The term GOAT has been known to show up in AP sports headlines, without an explanation immediately attached. Usually it's in the story but sometimes not.

We do love being the GOAT of style guides!

Question from Carmichael, California, on Jan. 30, 2023

Hello! I'm curious why AP doesn't use ASD on second reference for autism spectrum disorder.


We generally avoid such shorthand unless it's very widely known and used. FBI, CIA, WHO, NATO, etc. We also avoid alphabet soup, which can happen when writers or editors use a lot of acronyms or initialisms.

Of course, if your audience is very familiar with ASD as shorthand, you certainly can use it.

Here's the abbreviations and acronyms entry.

Question from Reading, Pennsylvania, on March 28, 2023

When talking about Vincent van Gogh, is the correct spelling of van lowercase or uppercase? The dictionary uses van Gogh, but a question in Ask the Editor, someone spells the painter's name as Vincent Van Gogh.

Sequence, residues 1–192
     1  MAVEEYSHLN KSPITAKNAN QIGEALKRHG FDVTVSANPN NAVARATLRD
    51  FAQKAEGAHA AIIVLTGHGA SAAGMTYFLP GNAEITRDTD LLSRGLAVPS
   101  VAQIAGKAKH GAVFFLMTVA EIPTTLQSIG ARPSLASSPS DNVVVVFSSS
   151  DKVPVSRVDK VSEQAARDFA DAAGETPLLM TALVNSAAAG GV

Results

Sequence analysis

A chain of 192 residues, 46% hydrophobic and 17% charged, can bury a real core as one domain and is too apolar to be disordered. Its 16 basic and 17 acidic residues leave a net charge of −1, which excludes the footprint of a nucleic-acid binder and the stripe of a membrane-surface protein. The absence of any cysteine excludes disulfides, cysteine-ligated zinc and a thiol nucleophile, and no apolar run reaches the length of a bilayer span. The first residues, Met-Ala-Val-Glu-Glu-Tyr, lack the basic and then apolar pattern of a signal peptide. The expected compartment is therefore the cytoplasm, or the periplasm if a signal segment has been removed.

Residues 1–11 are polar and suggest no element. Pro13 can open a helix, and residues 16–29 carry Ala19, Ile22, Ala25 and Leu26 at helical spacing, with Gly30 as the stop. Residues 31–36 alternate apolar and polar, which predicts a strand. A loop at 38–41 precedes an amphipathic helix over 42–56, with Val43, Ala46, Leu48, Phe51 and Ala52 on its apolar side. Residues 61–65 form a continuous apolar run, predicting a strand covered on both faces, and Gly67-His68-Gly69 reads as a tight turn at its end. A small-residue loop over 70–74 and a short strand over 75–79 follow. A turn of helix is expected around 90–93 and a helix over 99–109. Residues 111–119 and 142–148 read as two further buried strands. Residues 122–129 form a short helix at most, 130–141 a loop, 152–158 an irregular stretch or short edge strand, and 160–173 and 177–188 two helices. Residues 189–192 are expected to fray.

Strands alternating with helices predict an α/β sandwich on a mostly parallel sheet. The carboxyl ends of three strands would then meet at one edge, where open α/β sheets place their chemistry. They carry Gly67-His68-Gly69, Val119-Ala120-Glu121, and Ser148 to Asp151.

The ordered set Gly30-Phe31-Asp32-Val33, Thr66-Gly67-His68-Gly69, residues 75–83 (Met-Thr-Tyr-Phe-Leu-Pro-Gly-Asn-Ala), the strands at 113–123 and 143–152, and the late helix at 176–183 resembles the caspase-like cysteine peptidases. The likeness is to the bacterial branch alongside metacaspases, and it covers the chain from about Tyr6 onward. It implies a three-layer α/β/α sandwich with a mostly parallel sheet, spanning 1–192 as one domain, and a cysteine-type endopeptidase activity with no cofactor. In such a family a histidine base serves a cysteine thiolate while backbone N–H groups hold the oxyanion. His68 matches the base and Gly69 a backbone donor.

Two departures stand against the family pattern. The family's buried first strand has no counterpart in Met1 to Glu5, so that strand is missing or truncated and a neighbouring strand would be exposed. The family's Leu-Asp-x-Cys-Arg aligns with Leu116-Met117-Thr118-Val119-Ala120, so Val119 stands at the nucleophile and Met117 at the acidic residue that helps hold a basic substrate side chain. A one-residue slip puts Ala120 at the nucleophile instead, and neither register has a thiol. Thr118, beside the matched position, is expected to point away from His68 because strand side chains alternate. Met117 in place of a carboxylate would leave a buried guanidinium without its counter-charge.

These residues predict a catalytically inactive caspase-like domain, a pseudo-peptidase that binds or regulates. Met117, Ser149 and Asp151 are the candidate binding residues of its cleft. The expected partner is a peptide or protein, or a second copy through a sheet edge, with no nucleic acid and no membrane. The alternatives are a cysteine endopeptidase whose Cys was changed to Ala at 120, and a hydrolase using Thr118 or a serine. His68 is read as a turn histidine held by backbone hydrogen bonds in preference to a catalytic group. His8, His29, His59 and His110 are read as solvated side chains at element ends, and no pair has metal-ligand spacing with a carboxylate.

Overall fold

And, if only referencing him by last name would van then be capitalized or lowercase? (ex. The painting is by Van Gogh).


Our style is Van Gogh, as described in the below entry with the relevant part bolded for emphasis. But van Gogh, as preferred by some dictionaries, isn't wrong. It's just a different style. 

foreign names 

For foreign place names, use the primary spelling in Webster's New World College Dictionary. If it has no entry, follow the National Geographic Atlas of the World.
For personal names, follow the individual's preference for an English spelling if it can be determined. Otherwise:
–Use the nearest phonetic equivalent in English if one exists: Alexander Solzhenitsyn, for example, rather than Aleksandr, the spelling that would result from a transliteration of the Russian letters into the English alphabet.